Long time readers may remember that Iain escorted me during my travels in Japan and China back in 2005. He has just posted on, and about, perhaps the most beautiful section of British motorway where the road passes up along the edge of the Lake District. That section of the M6 should be filmed and set to music…especially when white with snow. Tomorrow I drive south with Iain through that beautiful valley. Perhaps I will manage to take a photograph as we go.

Let Us All Be Careful Out Here

A thought for all those people caught up in the drama of the severe weather here in England. My huge sympathies for the hardship it is causing so many people. I’d hope we, collectively, can maintain a level of walking forward, looking up and generally acting in a way that keeps everybody safe.

My, now about to be disclosed, location is Kirkby Stephen in Cumbria. There is not that much snow here although bitterly cold. The current project is…to get out of where I am now, sitting on the floor of a guest house room. Walk down the very icy street, calling in at the Spar shop to top up my mobile phone with air time – and buy some vegi. And then make my way to the house where I am cleaning and painting walls, and shifting stuff in preparation for furniture to be moved into next week-end. Weather permitting.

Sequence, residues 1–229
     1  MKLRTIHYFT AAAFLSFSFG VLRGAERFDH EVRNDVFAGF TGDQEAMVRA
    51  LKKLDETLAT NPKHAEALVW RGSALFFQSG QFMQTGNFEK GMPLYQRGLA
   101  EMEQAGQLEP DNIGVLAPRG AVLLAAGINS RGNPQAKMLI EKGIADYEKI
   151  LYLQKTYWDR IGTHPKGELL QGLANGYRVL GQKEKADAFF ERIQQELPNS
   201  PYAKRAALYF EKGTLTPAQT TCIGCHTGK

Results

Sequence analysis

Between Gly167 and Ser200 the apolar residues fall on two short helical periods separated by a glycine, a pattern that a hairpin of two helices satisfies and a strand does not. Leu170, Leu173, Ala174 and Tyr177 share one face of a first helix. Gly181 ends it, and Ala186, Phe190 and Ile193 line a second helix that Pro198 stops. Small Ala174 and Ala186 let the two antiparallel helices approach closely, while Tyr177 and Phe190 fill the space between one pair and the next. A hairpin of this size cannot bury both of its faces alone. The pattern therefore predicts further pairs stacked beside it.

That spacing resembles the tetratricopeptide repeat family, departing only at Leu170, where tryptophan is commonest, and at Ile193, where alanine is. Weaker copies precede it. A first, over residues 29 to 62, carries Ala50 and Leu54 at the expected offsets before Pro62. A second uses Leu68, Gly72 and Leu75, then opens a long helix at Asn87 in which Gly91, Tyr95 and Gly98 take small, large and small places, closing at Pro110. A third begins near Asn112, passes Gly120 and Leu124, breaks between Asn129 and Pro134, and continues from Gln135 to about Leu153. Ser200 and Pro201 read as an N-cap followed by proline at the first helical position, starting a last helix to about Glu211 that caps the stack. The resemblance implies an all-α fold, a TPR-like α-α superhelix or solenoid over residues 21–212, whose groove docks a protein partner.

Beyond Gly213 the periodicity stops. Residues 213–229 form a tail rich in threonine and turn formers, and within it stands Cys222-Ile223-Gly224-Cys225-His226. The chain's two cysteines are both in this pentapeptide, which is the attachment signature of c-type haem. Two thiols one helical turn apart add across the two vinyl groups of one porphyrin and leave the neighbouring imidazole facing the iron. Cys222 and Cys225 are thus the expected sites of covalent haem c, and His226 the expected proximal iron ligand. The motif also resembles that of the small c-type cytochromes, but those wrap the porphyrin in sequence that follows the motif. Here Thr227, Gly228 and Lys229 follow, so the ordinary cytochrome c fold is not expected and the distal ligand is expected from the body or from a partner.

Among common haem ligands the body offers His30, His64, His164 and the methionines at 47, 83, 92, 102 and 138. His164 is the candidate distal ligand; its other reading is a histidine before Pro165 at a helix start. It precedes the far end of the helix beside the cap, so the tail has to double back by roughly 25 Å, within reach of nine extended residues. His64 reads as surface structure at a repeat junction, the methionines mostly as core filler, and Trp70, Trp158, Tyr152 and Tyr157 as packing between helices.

Sometimes I end up helping people, in this case a person who studies with me, in very practical ways….and gladly done.

Let’s be careful out there.

Asking The Bell to Ring

Chion-in Temple in Kyoto, Japan on New Year’s Eve is home to an amazing New Year’s Eve scene: 17 monks ring the largest bell in Japan 108 times.

Within our tradition we too ring the bell 108 times at the start of the New Year. Our bells are considerably smaller than the one seen in the video. Apparently the last cry (heard on the video) before the bell is actually struck goes something like, Ring Out!, or Sound!

We have started to NOT talk about the weather…it is THAT bad! And I will be away across the Pennines tomorrow. I hope to continue to post from my, as yet, undisclosed location.